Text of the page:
Caribbean Carnival 101

You’ve probably seen the extravagant costumes, heard the sweet sound of the steel pan, or felt the rush of excitement as you watch masqueraders dance through the streets without a care in the world, but do you really know what Carnival is? This history behind Carnival, playing mas, and Jouvert is fascinating, and it’s worth exploring to truly appreciate the experience.  

A Brief History of Carnival

Caribbean Carnivals are held throughout the year, not only in Caribbean nations, but also in cities across the world including Toronto, Miami, London and Berlin (to name a few) as a celebration of Caribbean culture. While the history of each Carnival in the Caribbean varies by country, many of the Carnival traditions that are synonymous with Carnival today originated in Trinidad and Tobago.

In Trinidad, Carnival was introduced in the late 1700’s by the French. Each year between Christmas and the start of the Lenten season, the French plantation owners threw lavish masquerade balls. Banned from attending these festivities, the African slaves created their own celebrations in their yards. After slavery was abolished, the Africans continued to host Carnival celebrations in the streets and has since grown to become the largest Carnival celebration in the Caribbean.

Mas

In Trinidad, Carnival is held annually on the Monday and Tuesday before Ash Wednesday. This is the pinnacle of the Carnival season, where masqueraders dress in extravagantly colorful beaded and feather costumes and dance through the streets of Trinidad’s capital city, Port of Spain, to soca music. This grand parade is called Mas. The groups that participate in the parade are called Carnival bands. Each band chooses a theme for each Carnival year and creates beautiful costumes for those who participate, with that band. Masqueraders dance, or chip, down the road with their designated Carnival band and this activity is called “playing mas.”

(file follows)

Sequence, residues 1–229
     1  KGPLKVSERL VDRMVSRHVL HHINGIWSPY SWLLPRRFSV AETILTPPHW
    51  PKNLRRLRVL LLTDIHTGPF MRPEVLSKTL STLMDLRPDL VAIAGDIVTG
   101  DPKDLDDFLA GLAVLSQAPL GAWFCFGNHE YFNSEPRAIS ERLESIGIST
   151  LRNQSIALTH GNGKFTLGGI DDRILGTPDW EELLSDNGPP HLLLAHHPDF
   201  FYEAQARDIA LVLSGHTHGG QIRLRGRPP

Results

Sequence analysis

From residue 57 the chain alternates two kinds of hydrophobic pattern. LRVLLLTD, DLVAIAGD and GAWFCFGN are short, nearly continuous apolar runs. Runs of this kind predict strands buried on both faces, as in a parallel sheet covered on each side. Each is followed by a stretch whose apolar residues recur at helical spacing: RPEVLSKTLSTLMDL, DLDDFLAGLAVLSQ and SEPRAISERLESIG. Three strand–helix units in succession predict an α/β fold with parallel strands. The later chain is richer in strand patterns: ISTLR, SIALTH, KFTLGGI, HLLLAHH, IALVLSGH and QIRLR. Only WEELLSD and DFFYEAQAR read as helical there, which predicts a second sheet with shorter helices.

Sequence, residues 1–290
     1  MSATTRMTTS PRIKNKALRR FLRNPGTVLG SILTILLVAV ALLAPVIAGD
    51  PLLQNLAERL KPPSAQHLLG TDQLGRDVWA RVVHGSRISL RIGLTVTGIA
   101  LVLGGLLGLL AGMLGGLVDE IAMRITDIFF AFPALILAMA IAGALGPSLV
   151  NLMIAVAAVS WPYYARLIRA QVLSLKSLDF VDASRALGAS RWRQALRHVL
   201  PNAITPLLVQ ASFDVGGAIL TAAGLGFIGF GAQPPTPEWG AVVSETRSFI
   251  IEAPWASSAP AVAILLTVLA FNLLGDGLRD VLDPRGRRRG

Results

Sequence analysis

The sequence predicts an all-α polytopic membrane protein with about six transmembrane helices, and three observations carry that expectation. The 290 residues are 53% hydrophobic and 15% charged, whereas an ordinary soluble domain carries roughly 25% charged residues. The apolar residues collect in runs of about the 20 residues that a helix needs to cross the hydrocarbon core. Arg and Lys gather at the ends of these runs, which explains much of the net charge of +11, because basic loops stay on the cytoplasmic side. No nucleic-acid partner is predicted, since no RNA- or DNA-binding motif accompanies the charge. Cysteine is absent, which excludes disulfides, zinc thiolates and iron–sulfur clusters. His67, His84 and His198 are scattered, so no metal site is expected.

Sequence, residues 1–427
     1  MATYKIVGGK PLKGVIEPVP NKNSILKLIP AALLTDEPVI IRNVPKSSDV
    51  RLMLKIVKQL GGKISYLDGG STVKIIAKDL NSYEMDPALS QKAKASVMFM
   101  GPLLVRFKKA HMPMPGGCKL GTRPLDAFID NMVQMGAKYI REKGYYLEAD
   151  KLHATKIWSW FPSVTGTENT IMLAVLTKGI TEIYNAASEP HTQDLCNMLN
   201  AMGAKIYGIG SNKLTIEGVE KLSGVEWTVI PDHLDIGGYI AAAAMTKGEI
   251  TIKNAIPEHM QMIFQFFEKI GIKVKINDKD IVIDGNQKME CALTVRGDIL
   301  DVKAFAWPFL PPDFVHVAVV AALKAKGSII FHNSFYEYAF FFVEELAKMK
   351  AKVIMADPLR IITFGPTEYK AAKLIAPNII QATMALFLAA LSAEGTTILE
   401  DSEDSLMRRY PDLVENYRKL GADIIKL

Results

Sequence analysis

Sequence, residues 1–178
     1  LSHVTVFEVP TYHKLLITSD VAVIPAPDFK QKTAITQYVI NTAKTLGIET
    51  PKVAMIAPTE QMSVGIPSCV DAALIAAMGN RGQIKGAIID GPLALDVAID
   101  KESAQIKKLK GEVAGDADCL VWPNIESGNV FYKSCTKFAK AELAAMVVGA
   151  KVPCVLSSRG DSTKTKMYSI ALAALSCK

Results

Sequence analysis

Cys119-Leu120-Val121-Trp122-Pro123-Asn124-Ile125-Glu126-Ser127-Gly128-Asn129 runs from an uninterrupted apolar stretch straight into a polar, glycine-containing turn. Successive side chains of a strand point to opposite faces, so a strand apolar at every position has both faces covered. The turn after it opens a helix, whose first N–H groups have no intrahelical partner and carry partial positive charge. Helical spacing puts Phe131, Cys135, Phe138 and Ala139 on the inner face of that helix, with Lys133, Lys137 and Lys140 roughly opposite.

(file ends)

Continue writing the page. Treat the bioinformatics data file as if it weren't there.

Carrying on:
Jouvert

Jouvert (“jou-vay”) is another tradition that is closely tied to Carnival celebrations. The word “jouvert actually originates from the French word “jour ouvert” which means day break. Historically, Jouvert was closely tied to folklore and to this day folklore characters are a part of the festivities. It is very common to see people dressed up as devils covered in paint or oil.  Like Carnival itself Jouvert traditions very from one Caribbean nation to the next in terms of when exactly it is celebrated. In contrast to daytime mas, or pretty mas, as it’s often described, Jouvert celebrations begin long before dawn and finish shortly after the sun rises, and the festival typically involves participants dancing through the streets smearing one another with any combination of paint, powder, oil, mud or cocoa.

 
 

Soca

We would be remiss if we did not talk about soca music - the heart and soul of Carnival. Soca is a genre of Caribbean music that originated in Trinidad and Tobago. An offshoot of calypso music, soca music is influenced by chutney, funk, and soul. As soca music has increased in popularity, various sub-genres have emerged including groovy soca, power soca, and chutney. Leading up to Carnival in Trinidad, a slew of  new soca songs are released. This set of tunes becomes the soundtrack of Carnival, not just in Trinidad, but in other Caribbean nations and in cities around the world all throughout the year.

Carnival represents a time of freedom, happiness, and brotherhood. In any city or country it is a unique experience that everyone should try at least once. If you have a chance to participate in Carnival, don’t stick! Let your inner Bacchanalist out and embrace the experience.

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